Judith Cutler – Shadow of the Past (2008)

(an unused rte review)

Rev Tobias Campion is the vicar of a country parish in Warwickshire in the early 19th century; 1811 to be precise in the case of SHADOW OF THE PAST. He is actually the younger son of a great aristocrat who has renounced his family’s, and especially his father’s, values, wealth and lifestyle because he felt called to his vocation. His other identity is generally kept secret apart from his close friends the Hansards, and his groom and companion Jem. A considerable stir is caused in the village when Lady Chase returns to take up residence at Moreton Hall one of the great houses of the area. Lady Chase is engaged in a search for her son and heir Hugo who went missing during the Peninsular War. She refuses to accept that he is dead, much to the frustration of her avaricious nephew Marcus Bramhall who’s whole family descend upon Moreton Hall, including the lovely Dorothea for whom Tobias falls. But he is concerned about the ill-treatment accorded to the governess Miss Southey, who disappears on the very day that she discovers the body of a man in a river. When it is ascertained that the man was murdered Campion is drawn into investigating not just the murder but also chasing after both Hugo and Miss Southey. His quest takes him from Warwickshire to the slummiest parts of London.

It seems to me that there are very considerable disadvantages in treading in the footsteps of the departed greats unless one is a truly brilliant writer. Judith Cutler must have known what she was doing in taking on not just one but two such greats but I cannot see they work to her advantage. In the first place there is Tobias Campion; one’s mind is instantly drawn to the incomparable Albert and all the more so as they are both scions of noble houses who move mostly in complete disguise; but Tobias is a very limited character in comparison with Albert (indeed who in mystery fiction would not be?). Then in the second place this book is set in Georgette Heyer territory. Of all historic periods this, in my view, is the worst to take on because Georgette pretty much sewed it up. All the cant terms, the London locations, the fashions – any Georgette fan will have encountered them all before. There are possible ways around this problem ; one would be to employ a wholly different social and political outlook to Heyer’s conservative one. Cutler makes some attempt in this direction with Campion’s social conscience but it is not enough. Or you could depart altogether from ‘Heyer’s world’ and go back to the writers of the period itself for your inspiration; in the case of a country vicar there is the wonderful poetry of Crabbe (and his son’s life of the poet who was indeed a country vicar). Or of course you could come up with a brilliant puzzle plot; unfortunately the plot of SHADOW OF THE PAST, while pleasant enough, is basically a simple quest one with very few, if any surprises.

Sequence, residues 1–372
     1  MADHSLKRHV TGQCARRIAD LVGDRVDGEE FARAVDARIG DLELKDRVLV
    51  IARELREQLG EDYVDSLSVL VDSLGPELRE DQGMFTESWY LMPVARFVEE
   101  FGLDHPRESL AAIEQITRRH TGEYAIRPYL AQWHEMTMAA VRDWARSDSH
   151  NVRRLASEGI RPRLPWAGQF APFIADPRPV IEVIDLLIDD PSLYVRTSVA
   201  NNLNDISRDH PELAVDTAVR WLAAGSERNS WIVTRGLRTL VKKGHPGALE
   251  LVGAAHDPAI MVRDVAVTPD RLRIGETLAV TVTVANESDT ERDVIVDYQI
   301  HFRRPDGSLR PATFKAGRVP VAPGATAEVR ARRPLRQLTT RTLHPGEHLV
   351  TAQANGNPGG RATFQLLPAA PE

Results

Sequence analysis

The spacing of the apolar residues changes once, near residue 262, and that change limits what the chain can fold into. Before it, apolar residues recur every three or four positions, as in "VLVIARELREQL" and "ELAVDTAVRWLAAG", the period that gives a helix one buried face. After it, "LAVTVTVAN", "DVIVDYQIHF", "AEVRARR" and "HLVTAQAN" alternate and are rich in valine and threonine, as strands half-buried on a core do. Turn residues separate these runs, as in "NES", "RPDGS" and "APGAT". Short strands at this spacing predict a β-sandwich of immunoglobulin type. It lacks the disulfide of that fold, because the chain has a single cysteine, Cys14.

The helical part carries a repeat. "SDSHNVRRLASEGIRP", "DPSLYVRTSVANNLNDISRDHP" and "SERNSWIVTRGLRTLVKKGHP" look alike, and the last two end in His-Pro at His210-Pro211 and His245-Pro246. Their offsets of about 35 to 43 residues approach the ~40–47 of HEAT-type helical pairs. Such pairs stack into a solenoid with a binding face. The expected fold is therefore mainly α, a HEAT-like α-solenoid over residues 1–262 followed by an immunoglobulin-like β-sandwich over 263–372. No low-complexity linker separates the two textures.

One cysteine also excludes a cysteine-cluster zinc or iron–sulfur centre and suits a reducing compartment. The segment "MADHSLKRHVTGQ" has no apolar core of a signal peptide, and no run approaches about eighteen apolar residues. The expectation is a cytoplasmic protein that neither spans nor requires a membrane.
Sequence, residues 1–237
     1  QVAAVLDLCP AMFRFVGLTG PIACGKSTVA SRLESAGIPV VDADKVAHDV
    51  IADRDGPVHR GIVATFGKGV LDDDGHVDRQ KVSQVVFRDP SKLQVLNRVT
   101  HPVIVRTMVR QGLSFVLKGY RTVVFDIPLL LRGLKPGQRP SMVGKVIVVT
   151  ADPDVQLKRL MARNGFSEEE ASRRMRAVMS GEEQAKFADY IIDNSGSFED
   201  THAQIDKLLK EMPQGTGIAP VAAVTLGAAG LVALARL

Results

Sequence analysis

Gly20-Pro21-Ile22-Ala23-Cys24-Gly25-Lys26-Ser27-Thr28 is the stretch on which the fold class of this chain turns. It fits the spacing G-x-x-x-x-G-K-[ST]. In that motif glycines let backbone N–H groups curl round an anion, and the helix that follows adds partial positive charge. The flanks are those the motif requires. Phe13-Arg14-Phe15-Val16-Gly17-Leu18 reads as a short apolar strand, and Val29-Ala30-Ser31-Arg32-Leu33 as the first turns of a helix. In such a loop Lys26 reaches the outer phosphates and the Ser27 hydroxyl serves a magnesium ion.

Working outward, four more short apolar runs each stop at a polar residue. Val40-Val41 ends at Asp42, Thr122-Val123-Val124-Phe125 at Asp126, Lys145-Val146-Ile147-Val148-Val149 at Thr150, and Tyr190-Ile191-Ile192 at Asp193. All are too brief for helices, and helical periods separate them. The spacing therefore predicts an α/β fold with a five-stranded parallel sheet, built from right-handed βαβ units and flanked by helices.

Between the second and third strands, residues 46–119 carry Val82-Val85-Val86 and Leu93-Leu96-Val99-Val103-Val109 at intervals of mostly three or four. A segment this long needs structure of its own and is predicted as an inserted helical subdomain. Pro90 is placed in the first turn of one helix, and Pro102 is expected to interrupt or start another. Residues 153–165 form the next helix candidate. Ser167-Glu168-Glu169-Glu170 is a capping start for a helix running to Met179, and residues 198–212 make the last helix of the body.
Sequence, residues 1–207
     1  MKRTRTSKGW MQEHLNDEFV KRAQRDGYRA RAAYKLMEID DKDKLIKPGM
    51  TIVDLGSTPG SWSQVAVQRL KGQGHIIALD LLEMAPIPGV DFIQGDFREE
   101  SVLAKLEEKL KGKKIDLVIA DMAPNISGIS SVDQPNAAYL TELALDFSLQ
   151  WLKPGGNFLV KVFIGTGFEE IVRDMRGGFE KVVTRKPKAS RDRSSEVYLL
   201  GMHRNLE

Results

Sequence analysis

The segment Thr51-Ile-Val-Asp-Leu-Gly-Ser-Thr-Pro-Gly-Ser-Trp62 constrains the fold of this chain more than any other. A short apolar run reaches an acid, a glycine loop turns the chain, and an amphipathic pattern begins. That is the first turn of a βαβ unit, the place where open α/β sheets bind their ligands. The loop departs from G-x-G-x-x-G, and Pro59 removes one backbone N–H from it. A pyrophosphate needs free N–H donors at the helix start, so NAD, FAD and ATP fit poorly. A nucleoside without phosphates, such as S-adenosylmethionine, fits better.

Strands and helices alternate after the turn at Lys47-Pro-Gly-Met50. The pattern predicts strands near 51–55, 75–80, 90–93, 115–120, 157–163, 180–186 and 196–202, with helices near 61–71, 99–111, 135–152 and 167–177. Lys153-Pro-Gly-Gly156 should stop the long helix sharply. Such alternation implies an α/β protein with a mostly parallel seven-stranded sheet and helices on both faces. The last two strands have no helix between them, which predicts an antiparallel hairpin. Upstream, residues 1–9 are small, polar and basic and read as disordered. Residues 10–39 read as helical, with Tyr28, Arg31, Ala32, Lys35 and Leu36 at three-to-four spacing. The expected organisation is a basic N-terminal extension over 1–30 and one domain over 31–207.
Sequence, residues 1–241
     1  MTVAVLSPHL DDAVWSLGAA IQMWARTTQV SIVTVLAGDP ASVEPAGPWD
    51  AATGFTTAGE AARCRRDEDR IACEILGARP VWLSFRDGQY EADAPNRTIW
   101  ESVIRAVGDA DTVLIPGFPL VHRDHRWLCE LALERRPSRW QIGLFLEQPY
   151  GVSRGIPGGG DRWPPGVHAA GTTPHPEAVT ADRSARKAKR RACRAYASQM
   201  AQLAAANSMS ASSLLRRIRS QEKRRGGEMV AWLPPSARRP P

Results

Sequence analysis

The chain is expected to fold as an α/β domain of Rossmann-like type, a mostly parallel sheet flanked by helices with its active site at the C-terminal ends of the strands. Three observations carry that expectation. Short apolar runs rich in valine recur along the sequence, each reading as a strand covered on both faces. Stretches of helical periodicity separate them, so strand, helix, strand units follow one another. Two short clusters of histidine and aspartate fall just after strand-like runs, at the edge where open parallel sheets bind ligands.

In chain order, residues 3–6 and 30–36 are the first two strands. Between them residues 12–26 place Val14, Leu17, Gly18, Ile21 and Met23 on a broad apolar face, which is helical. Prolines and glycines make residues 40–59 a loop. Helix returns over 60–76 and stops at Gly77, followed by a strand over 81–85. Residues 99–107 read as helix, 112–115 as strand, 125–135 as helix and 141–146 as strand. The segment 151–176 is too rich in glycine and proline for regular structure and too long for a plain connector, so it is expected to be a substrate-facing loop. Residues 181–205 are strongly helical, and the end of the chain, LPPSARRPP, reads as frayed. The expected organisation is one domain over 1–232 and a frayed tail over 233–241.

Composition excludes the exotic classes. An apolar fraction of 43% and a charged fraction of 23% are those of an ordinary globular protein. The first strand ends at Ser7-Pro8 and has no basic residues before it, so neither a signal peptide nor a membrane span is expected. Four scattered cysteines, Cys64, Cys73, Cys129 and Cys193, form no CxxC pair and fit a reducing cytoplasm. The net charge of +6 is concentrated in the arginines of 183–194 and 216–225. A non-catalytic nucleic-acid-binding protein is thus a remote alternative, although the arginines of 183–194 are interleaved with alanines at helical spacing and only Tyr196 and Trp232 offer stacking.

SHADOW OF THE PAST is not a bad book; it reads easily and is perfectly pleasant. But by drawing in upon itself comparisons with two greats it suffers. As remarked before this is a dangerous thing to do unless one is a very great writer.